When a student at a UK university becomes a refugee

Arabic language teacher Aziz* from Syria first arrived in London in 2010 to pursue his master’s degree in the UK. In March 2011, while he lived in London, protests started in his home country. ‘It took me a while before I realised I couldn’t go back home anymore – probably some 6 months into the revolution.’ So he filed for asylum upon finishing his studies. This is his story.

A war back home

Aziz remembers the start of the Syrian war very clearly. “A friend of mine said that there were protests going on in Damascus. We couldn’t really believe at first that such a thing was possible. I followed the news daily, read reports and kept in touch with people in different parts of the country.”

“I finished my master’s and applied for asylum the following month.”

Meanwhile, Aziz was working on his studies. “I came to the UK on a student visa. The plan was to finish my master’s degree and go back home, but it soon became clear that that wasn’t possible anymore. I finished my master’s in September 2012 and applied for asylum the following month.”

It was quite a straightforward process for him. “I am very practical. As soon as I realised there was no chance of going back to Syria, I knew I needed to focus on establishing a life in the UK. I got a solicitor, but he didn’t really have to do much; the case was clear. I was granted leave to remain –refugee status which after 5 years can be transferred into indefinite leave to remain, i.e. permanent residency in the UK – and was allowed to work within a month.”

From pessimism to hope

Aziz acknowledges that the asylum process can be quite emotional. “When I first applied for asylum, it was devastating; a confirmation that I couldn’t go home to Syria anymore. It’s been 7 years since I left the country and I don’t think I can ever go back. But when you are certain about that, you can work from that knowing that you need to start a new life elsewhere. I think when you reach a certain level of pessimism, you become hopeful again.”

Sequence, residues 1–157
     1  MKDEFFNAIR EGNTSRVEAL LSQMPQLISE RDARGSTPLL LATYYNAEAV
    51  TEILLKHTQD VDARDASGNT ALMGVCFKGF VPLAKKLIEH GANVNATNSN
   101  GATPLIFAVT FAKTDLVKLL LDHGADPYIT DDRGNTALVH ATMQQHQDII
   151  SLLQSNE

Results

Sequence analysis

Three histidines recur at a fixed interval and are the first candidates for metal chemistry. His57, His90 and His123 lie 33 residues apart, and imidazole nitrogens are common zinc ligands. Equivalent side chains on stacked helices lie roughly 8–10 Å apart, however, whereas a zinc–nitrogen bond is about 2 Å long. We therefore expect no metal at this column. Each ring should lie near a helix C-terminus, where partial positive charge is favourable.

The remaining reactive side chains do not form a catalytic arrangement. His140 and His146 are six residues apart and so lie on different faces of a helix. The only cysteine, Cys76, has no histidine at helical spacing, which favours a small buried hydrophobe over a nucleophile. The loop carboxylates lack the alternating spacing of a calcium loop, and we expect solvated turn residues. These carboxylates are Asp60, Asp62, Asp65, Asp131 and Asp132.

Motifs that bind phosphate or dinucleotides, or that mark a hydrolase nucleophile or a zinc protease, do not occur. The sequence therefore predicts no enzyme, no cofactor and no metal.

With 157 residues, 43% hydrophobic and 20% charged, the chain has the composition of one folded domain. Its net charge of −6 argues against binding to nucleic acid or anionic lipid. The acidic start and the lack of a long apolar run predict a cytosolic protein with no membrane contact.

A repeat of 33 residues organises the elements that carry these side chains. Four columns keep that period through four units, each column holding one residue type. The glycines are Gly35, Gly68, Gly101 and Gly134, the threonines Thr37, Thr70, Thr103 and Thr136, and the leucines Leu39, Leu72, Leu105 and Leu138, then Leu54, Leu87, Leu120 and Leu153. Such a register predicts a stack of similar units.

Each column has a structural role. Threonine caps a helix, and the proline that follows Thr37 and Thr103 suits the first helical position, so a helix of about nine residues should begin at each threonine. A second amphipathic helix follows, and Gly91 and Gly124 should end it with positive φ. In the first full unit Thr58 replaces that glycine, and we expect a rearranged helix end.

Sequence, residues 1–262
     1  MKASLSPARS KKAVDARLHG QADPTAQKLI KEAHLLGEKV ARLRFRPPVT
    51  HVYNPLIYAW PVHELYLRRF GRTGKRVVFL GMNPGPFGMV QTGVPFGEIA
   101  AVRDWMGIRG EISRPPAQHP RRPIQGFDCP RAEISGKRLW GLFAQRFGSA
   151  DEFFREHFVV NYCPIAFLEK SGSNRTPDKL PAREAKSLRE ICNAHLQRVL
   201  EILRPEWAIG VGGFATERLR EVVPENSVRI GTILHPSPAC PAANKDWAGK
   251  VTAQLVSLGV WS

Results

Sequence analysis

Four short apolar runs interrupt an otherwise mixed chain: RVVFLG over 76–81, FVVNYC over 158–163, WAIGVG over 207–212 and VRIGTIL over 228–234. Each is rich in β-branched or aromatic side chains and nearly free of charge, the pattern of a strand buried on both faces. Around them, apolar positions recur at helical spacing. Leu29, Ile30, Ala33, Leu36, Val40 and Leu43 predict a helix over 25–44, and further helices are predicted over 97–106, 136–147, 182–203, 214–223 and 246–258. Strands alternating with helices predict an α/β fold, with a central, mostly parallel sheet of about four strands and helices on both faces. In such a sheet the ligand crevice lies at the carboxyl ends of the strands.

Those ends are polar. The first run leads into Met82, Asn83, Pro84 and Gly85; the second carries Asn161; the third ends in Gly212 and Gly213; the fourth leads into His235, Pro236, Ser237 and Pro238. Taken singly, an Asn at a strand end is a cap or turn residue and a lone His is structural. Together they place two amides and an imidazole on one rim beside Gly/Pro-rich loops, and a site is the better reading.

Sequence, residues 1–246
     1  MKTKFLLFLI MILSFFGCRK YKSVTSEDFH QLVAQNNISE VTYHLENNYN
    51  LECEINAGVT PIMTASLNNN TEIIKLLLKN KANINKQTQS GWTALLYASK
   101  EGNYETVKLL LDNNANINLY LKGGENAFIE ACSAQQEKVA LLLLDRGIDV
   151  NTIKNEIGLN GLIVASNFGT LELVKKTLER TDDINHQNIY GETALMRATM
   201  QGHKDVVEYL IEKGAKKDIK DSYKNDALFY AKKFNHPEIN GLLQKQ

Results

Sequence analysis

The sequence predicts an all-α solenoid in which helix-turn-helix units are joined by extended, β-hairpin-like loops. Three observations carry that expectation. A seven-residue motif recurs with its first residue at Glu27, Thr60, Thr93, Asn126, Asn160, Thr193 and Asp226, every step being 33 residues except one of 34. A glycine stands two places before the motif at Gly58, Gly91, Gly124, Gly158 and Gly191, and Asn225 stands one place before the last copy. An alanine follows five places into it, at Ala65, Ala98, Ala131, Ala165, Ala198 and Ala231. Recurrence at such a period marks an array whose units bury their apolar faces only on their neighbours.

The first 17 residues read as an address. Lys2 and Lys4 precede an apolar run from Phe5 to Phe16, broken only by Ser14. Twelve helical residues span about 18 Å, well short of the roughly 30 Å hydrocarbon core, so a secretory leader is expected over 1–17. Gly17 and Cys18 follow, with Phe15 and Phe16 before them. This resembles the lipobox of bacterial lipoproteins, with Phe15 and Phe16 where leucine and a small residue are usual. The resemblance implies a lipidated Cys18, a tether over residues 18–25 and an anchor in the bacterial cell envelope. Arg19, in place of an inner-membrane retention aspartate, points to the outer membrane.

“I think when you reach a certain level of pessimism, you become hopeful again.”

After working at an NGO for a year, Aziz is now a full time language teacher. He has started his own company – teaching everyone from students to businesspeople – and has rented his own office recently. He also volunteers with various organisations, working with refugees. “That’s probably part of how I deal with the situation: thinking of how I can help other people around me.” As well as supporting other refugees in the UK throughout the year, he spent some of his Christmas holidays in refugee camps in Northern Greece and in Calais.

Life in a new country

His own transition into working life in the UK was quite smooth. “I already spoke English and had lived in London as a student. Many people I know had much more difficult experiences than mine – first in getting here and then in being here. It is important to get to know the language and way of life in the new country. To learn about law, education, the job market, health – how things work. But before learning about language and life, you need to come to terms with yourself in this new place. That’s the most important and challenging thing for everyone.”

Read more about Aziz’ experiences and recommendations for the asylum procedure.

* The interviewee prefers to be anonymous. His identity is known by RefuTales.


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Wieke Vink

Author: Wieke Vink

Wieke Vink is a human rights lawyer and writer for RefuTales.